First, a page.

Customer Service: Call 1-888-271-5237 Monday-Friday, 9 AM - 5 PM CT
Forgot Username or Password?
Last week, investors apparently "bought the dip" to support at 2,121 in the S&P 500, which I discussed in the previous Market Outlook. However, the rally was led by the small-cap Russell 2000, which gained 2.4% and is now up 10.5% for the year compared to just 5.9% for the benchmark S&P 500.
In this new era of concerted monetary stimulus by central banks around the world, investors have been trained like Pavlov's dog to fearlessly buy every minor stock market decline because they are confident that central banks -- including our Federal Reserve -- "have their back."
This complacency in the marketplace has certainly kept stocks from going down over the past few months, but the lesser-known fact is that it has also capped the market's upside. The S&P 500 finished last week at 2,165, almost exactly where it was two months ago.
Investor Complacency Cuts Both Ways
This week's first chart is one that I have brought out on several occasions this year to remind readers that too much complacency can be a bad thing.
The Volatility S&P 500 (VIX) index finished last week at 12.29, a multiyear low, indicating investors are collectively unafraid of a market decline. Such extremes in complacency have either coincided with or closely led most near-term peaks in the S&P 500 during the past two years.
So, while investors' buy-the-dip mentality helped attract new buyers at underlying support at S&P 500 2,121, this chart suggests this same fearlessness is also keeping the market from moving meaningfully higher -- at least not without another pullback first.
Seasonality: Beware the Last Week of September
The next chart shows that a market pullback is statistically likely to begin this week based on data since 1957. The final week of September is by far the seasonally weakest of the third quarter, declining by 0.73% on average and posting a negative weekly close 61% of the time.
Moreover, seasonality data for October shows that this seasonal weakness extends until the last week of October, which is historically the second weakest of the entire fourth quarter.
Editor's note: Last fall, Profitable Trading's Jared Levy told traders how they could bet against the broader market using a "backdoor" strategy. Risking as little as $865, they booked a 62.4% return in nine days, or 2,532% annualized. A few months later, he used the same strategy, risking just $675 this time, and they earned 18.5% in one day, or an amazing 6,759% annualized. He's agreed to give regular investors the keys to this "backdoor" method for a limited time. Access them here.
Utilities Present Opportunity in a Dull Market
While I continue to believe this is not a good place for investors to aggressively put new money to work in the broader market, the utilities sector may offer a tactical alternative while we wait for the market's overall malaise to blow over.
Utilities are typically defensive in nature and tend to do well when the broader market is weakening, as the previous two charts warn may be occurring now. Additionally, Asbury Research's own asset flows-based metric shows that investors have recently been moving assets out of other sectors and into utilities. As long as this continues, it is likely to fuel the sector's relative outperformance.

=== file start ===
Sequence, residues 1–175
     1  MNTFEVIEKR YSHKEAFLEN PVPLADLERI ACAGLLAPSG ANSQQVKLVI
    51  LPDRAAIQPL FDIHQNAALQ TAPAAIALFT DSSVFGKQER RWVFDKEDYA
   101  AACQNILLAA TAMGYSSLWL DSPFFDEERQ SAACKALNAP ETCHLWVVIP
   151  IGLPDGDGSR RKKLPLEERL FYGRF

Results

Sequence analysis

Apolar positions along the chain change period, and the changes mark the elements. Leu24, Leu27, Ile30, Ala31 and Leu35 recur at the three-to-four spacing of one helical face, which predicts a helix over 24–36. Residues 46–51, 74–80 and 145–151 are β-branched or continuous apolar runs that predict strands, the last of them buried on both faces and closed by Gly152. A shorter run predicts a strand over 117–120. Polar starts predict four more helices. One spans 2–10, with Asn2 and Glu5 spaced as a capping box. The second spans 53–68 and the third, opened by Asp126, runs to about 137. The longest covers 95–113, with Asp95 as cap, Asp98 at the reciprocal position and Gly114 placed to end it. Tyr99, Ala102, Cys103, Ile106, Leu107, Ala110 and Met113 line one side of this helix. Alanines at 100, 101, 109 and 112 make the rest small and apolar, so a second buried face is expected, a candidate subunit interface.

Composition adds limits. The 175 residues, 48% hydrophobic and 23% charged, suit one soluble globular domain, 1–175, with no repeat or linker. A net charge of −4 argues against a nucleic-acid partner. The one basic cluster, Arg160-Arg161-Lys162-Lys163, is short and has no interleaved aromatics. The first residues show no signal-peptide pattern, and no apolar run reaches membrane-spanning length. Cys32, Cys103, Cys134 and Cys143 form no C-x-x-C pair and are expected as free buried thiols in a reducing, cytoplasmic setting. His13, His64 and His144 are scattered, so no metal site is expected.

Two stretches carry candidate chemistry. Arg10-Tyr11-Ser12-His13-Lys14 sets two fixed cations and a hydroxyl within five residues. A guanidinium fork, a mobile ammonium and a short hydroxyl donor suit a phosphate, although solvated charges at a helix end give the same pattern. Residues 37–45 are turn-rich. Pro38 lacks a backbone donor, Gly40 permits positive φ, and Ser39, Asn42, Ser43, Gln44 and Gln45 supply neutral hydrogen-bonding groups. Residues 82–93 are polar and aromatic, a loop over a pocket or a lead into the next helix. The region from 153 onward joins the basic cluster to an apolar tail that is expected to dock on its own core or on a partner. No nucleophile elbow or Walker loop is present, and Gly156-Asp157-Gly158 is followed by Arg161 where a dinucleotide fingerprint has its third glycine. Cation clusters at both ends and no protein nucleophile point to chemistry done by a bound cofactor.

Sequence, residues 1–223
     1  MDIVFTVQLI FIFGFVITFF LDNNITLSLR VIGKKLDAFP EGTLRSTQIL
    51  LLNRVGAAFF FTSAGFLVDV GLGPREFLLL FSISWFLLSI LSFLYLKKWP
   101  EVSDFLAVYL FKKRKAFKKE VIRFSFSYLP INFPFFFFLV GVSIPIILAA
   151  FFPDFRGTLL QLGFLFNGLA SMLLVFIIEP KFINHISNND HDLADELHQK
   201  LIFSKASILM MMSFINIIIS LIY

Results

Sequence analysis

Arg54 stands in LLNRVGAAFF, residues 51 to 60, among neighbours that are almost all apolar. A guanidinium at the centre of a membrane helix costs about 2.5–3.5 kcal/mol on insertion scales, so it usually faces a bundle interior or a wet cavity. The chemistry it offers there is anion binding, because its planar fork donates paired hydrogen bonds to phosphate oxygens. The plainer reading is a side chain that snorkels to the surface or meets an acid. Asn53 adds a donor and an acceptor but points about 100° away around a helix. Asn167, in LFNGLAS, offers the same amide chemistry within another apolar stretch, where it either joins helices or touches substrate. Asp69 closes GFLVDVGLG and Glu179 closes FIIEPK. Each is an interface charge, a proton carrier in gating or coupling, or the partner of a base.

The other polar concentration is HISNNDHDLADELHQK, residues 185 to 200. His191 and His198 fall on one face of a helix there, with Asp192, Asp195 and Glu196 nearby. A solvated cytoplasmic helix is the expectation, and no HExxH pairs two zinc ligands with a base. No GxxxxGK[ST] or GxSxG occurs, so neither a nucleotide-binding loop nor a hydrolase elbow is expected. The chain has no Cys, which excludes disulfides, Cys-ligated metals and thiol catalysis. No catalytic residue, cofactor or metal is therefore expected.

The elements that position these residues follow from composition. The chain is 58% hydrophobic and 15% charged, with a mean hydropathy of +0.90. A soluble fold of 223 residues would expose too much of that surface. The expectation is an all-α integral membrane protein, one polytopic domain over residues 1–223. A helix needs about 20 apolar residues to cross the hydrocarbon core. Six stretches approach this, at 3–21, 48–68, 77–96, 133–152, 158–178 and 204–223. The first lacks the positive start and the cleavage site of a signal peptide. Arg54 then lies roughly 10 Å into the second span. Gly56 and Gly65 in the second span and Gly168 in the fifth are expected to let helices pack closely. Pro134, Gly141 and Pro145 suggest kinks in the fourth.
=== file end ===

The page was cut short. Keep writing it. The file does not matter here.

As for individual names, Duke Energy (NYSE: DUK) recently tested, held and rebounded from its 200-day moving average, a widely watched major trend proxy.
I would view a sustained rise above DUK's 50-day moving average at $82.48 as evidence that the stock's major uptrend, as defined by its 200-day moving average, is resuming. This could clear the way for a retest of the July 6 high at $87.31, which is 5.8% above Fridays close.
Long-Term Interest Rates Test 2016 Trend
After hitting a closing low of 1.37% on July 5 (which was near its lows of the past century), the yield of the benchmark 10-year Treasury note rebounded 36 basis points to close as high as 1.73% on Sept. 13, before falling back to close at 1.62% on Friday.
The sharp rise in yields into mid-September tested resistance at 1.71%, which is made up of the lows from February, April and May. Major resistance from the 200-day moving average is situated just above that at 1.78%.
As long as this resistance is not meaningfully broken, the 2016 trend of declining U.S. interest rates remains intact. I would associate this with a market that is not expecting a significant or immediate rise in interest rates by the Federal Reserve, perhaps not even until 2017.
Conversely, a sustained rise above 1.78% would indicate a major trend change and clear the way for a test of the next key level at 1.94% to 1.98%. I would interpret such a move as an indication that the bond market is pricing in a more hawkish and aggressive Federal Reserve heading into the new year.
Putting It All Together
My intermediate-term market outlook (for the next one to two quarters) remains positive as long as the major indices do not break below their late-June Brexit lows. However, in the near term, record low volatility and 60 years of seasonality data are warning investors not to chase last week's rally.
Instead, traders should consider tightening stops on existing positions to help protect themselves from a potential market pullback and look to utility stocks like Duke Energy for a long opportunity in what has otherwise been a flat, non-trending market.
Many investors hold strong opinions about the 200-day MA... but is it actually important?